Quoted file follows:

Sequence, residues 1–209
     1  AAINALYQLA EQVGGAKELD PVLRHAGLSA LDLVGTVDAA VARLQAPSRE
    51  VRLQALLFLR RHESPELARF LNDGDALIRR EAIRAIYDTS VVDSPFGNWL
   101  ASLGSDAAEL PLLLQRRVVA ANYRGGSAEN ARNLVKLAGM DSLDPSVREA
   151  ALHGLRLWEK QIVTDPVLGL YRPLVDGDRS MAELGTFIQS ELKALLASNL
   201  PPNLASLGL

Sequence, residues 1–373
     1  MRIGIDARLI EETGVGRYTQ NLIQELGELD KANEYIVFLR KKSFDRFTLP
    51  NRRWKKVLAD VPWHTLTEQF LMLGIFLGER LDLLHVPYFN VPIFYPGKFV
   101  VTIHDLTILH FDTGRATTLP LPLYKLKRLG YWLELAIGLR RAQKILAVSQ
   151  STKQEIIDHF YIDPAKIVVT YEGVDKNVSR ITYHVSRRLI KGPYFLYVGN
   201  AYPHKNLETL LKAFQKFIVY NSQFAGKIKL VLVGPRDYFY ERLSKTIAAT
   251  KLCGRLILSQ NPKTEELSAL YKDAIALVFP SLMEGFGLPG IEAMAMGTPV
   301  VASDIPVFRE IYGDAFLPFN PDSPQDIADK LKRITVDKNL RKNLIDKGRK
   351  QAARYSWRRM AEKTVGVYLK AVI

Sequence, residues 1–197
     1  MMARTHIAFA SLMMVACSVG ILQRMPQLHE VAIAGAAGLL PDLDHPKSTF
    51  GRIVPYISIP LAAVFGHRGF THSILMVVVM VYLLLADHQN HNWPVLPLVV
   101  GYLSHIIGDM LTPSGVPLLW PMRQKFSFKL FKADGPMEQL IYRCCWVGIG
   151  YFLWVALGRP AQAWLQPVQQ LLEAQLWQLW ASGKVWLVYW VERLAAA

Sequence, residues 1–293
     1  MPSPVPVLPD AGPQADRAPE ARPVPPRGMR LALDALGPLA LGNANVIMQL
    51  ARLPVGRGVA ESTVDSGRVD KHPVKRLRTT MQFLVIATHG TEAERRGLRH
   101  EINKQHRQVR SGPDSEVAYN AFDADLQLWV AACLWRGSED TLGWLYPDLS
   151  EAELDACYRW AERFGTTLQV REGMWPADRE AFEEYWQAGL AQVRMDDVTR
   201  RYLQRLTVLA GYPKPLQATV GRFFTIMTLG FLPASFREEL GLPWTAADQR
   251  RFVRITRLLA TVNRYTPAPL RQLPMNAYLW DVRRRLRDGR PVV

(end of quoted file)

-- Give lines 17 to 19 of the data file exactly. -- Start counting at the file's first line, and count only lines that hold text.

     1  MMARTHIAFA SLMMVACSVG ILQRMPQLHE VAIAGAAGLL PDLDHPKSTF
    51  GRIVPYISIP LAAVFGHRGF THSILMVVVM VYLLLADHQN HNWPVLPLVV
   101  GYLSHIIGDM LTPSGVPLLW PMRQKFSFKL FKADGPMEQL IYRCCWVGIG